Democratic voters because he was not accepted as aDemocrat. The turncoat could not camouflage his past. Specter's defeat
was the defeat of aregular Republican by Democrats who, presented with the choice of aDemocrat, chose the Democrat.
4. The Democratic candidate in the special House election in Pennsylvania to succeed John Murtha, Mark Critz, aformer
aide to Murtha, was in effect running as the incumbent. He easily won, despite poor numbers in the district for Obama. The
district, moreover, was the only one in the country that had voted for John Kerry in 2004 and John McCain in 2008. Critz's
victory, therefore, was not merely aretention-in light of the McCain win, it can be claimed as apickup.
5. Blanche Lincoln's troubles are specific, not the result of awidespread populist uprising. She did not support certain labor
union issues and most importantly failed to back health care reform. Her problem is that, like Specter in away, she is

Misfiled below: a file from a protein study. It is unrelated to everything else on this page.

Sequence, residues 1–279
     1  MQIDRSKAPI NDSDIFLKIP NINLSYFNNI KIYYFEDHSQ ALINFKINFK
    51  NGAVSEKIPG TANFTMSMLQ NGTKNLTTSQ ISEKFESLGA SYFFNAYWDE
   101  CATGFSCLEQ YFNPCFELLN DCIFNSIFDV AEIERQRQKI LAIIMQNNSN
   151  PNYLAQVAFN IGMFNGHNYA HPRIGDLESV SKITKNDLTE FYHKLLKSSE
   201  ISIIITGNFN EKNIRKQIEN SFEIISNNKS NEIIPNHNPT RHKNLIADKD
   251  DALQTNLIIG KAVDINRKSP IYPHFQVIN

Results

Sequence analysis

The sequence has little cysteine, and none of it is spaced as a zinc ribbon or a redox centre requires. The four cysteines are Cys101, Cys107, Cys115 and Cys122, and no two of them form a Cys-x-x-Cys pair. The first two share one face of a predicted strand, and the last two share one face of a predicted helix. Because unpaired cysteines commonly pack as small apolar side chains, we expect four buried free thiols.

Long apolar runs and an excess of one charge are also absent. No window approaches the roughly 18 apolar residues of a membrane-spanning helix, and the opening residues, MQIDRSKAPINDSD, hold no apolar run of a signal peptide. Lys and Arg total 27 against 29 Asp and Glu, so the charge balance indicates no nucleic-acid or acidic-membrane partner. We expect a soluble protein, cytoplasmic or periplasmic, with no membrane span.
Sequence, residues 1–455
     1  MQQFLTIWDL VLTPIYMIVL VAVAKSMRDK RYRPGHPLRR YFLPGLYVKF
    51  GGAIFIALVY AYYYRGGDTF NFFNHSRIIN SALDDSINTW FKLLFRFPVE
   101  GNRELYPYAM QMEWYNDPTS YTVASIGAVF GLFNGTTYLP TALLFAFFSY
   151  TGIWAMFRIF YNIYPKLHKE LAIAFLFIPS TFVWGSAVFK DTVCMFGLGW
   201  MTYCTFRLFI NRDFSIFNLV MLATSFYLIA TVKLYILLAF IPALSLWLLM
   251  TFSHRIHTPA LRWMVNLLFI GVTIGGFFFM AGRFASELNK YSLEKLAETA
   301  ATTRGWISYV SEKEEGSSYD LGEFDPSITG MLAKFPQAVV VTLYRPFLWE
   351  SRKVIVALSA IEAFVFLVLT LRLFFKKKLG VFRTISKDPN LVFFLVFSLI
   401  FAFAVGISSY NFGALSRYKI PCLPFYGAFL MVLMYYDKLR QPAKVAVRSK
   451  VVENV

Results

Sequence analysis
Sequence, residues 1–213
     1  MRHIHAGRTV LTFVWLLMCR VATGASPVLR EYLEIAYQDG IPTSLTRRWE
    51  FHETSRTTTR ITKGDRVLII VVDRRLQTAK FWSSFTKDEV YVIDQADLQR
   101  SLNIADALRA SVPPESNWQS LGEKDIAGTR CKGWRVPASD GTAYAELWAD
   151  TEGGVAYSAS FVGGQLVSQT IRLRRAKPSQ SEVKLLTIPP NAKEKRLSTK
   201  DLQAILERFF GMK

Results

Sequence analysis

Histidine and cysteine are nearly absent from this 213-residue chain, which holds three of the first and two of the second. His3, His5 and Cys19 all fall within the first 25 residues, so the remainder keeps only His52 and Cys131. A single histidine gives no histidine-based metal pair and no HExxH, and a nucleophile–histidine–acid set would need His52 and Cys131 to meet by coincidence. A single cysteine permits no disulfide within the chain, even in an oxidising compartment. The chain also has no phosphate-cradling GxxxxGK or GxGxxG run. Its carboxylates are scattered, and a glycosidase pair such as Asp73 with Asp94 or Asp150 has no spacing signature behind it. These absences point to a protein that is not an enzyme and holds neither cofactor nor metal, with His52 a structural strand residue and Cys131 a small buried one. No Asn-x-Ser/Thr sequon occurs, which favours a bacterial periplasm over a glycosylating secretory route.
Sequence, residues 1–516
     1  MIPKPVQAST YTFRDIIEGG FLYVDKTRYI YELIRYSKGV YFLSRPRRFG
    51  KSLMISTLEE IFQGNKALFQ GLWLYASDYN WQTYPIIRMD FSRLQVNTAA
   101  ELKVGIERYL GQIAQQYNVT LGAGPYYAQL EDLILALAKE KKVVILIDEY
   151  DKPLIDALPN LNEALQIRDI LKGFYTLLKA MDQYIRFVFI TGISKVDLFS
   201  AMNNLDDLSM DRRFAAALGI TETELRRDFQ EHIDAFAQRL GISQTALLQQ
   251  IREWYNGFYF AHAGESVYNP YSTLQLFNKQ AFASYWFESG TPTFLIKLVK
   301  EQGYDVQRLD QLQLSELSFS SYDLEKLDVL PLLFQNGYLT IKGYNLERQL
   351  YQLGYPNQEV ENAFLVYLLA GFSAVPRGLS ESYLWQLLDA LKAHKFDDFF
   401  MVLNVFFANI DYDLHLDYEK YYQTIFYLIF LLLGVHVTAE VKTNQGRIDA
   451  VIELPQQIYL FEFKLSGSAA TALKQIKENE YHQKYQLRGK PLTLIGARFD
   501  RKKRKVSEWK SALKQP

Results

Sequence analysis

perceived by Democrats as untrue and disloyal. Without her advocacy of derivatives reform it seems likely she would have
been trounced.

UNCLASSIFIED U.S. Department of State Case No. F-201607895 Doc No. C06130705 Date: 10/06/2016

UNCLASSIFIED U.S. Department of State Case No. F-2016-07895 Doc No. C06130705 Date: 10/06/2016

6. Of course, Democrats have burdens in the midterms as aresult of Obama's political and policy mishandling of his first
year, continuing economic hardships despite the beginning of an upturn, the president's lack of rapport with working class
voters, Obama's austere professorial style, and the near braindead, flatlined White House political and messaging operationnone of which I will discuss here. These factors, not to be dismissed, have nonetheless been overshadowed by the consistent